By Jamie Talan
THURSDAY, July 16 (HealthDay News) -- As a child, Daniel Alter had blazing headaches that doctors explained away as lazy eye or asthma.
He pushed himself through Boy Scout hikes until one day he fell three times in one hour. On the baseball field, he would see a fly ball coming right for his mitt and it would fall to the ground, 10 feet away.
Finally, after one horrible baseball season of missed hits and no outfield catches, doctors at a local children's hospital in Texas diagnosed chordoma, a rare and malignant bone cancer at the base of his skull. A neurosurgeon shook his head about the diagnosis.
"He told us to go home and hug him," said Daniel's mother, Lori. "There was nothing else we could do."
Daniel was 12. The year was 1997.
But the Alters, of Beaumont, Texas, wouldn't give up. They tracked down the name of one of the few surgeons in the country who was willing to take on such a risky case at the time: Dr. Osamma Al-Mefty, a neurosurgeon at the University of Arkansas Medical School.
The Alters flew to Arkansas and Daniel was prepped for brain surgery. Al-Mefty and his surgical team worked for 17 hours to cut away 70 percent of the tumor. The surgery was stopped when the doctors saw they were coming too close to the 6th and 12th cranial nerves, threatening paralysis of the boy's left eye and half of his tongue.
Al-Mefty would perform a second surgery because the tumor continued to eat away at Daniel's vertebrae. The boy would also go on to endure 42 proton beam radiation treatments.
About 300 Americans are diagnosed each year with chordoma, according to Dr. Paul Gardner, a neurosurgeon specializing in chordomas at the University of Pittsburgh School of Medicine and co-director of the Center for Skull-Based Surgery. The bone cancer is usually found in the top or the bottom of the spinal cord and symptoms depend on where the chordoma is located. Most patients are males over 50, and surgery and radiation work in about half of all cases, Gardner said. Children make up only a handful of the cases and have a poorer prognosis.
Gardner and his colleagues recently devised a new technique to get at the tumor by going through the nasal cavity, which reduces the risks of brain surgery. He spoke at the second annual Chordoma Community Conference in June, sponsored by the Chordoma Foundation. The foundation was started by Dr. Simone Sommer, a physician from North Carolina whose son Josh was diagnosed with chordoma in 2006 during his freshman year at Duke University.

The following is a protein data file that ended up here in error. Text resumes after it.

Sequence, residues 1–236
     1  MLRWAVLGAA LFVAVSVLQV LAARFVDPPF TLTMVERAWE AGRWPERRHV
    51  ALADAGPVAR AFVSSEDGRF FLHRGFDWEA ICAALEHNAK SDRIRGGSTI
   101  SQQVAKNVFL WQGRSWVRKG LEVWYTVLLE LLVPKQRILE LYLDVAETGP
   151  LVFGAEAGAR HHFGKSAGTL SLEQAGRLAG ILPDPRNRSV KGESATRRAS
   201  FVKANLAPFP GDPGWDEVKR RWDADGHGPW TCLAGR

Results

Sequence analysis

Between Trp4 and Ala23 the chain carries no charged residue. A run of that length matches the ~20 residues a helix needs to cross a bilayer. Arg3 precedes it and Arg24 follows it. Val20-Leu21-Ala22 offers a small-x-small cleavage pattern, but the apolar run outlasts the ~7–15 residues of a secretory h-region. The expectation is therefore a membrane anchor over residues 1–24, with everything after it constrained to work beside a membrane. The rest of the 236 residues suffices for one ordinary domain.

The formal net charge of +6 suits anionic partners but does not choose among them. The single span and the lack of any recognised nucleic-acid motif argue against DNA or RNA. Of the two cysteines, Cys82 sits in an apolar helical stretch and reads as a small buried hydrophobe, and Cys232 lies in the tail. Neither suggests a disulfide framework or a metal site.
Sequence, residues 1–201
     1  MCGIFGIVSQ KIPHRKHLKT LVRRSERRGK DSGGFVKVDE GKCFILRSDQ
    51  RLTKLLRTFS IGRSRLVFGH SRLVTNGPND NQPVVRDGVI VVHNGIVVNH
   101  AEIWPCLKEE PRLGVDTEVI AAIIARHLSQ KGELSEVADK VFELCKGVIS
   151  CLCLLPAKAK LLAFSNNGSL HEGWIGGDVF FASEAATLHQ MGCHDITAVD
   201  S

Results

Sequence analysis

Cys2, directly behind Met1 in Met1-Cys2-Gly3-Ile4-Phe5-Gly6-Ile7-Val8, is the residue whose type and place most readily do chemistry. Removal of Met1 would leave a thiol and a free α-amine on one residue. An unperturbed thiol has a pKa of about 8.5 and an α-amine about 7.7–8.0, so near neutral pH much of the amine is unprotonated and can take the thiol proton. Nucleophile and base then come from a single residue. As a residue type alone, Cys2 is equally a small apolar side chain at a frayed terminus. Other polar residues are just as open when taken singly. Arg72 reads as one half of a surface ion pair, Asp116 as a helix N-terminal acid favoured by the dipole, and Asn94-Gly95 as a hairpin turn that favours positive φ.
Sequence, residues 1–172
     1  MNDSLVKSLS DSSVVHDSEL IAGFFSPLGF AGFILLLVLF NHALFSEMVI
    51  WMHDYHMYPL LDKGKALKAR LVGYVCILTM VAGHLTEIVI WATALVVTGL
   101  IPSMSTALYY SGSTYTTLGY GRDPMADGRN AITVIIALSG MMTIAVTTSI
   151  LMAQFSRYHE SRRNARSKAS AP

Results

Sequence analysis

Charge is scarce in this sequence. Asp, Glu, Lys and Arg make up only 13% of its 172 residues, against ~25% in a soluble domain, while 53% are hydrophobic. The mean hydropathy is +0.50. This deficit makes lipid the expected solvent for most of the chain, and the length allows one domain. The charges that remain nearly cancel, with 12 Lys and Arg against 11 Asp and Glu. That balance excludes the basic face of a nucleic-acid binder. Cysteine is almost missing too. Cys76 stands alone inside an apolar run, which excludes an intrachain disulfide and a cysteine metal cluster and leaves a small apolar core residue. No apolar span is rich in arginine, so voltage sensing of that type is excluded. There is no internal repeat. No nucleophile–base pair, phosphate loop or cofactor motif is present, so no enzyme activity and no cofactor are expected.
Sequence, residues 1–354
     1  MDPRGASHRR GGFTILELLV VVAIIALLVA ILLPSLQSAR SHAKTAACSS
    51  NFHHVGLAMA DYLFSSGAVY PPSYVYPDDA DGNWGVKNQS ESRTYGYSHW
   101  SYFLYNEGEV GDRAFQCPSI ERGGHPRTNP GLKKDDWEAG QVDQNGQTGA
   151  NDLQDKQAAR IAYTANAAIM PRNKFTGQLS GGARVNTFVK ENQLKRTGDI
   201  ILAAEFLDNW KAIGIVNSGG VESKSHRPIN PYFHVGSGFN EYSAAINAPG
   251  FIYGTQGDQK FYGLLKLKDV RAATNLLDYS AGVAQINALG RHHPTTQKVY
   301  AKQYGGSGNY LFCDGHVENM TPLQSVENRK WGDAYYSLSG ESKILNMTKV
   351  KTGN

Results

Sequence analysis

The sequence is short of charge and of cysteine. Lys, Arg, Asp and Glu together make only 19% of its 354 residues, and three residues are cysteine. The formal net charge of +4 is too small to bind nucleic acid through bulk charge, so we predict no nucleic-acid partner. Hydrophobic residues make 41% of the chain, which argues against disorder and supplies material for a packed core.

Gardner said the foundation, which has already raised almost $1 million for research, has helped encourage scientists to tackle chordoma tumors in their laboratories. The foundation has also put together two research conferences to entice scientists to study the rare cancer.
Daniel Alter spoke at a recent meeting of the Chordoma Foundation, sharing his story of hope. He's now a dozen years beyond his surgery and radiation treatments.
"Chordoma is no longer a constant thought," Daniel said during a recent interview. The cancer left him with partial hearing and a speech impediment, but it has never stopped him from living.
"In a word, this has given me perspective," he added. "I realize what is and what is not important. I do not worry about what other people think is important. I know what I think is important."
His family is number one on the list. He is the oldest of four children and the only boy. He graduated from the University of Texas at Austin last year with a double major in archeology and anthropology and hopes to work on a project next year in Israel. The topic: archeology and the Bible.
"Research is the only way we will be able to develop treatments that save more people," Daniel added.
Dr. Sommer and her son Josh agree. On the heels of her son's diagnosis, she began combing the scientific literature. She found a scientist at Massachusetts General Hospital who had published two case reports of patients with tuberous sclerosis who developed chordomas along the spine. Sommer asked the scientist, Vijaya Ramesh Ramesh, whether she thought the genetic mutations on two tumor-suppressor genes linked to tuberous sclerosis could be involved with the development of chordomas.
Ramesh said it was possible but she had no access to chordoma tissue to study the genetic makeup. So Sommer tracked down a pathologist at Harvard University with a large collection of chordoma tissue and the collaboration lead to the discovery that the tumor-suppressor genes were involved in the tumor.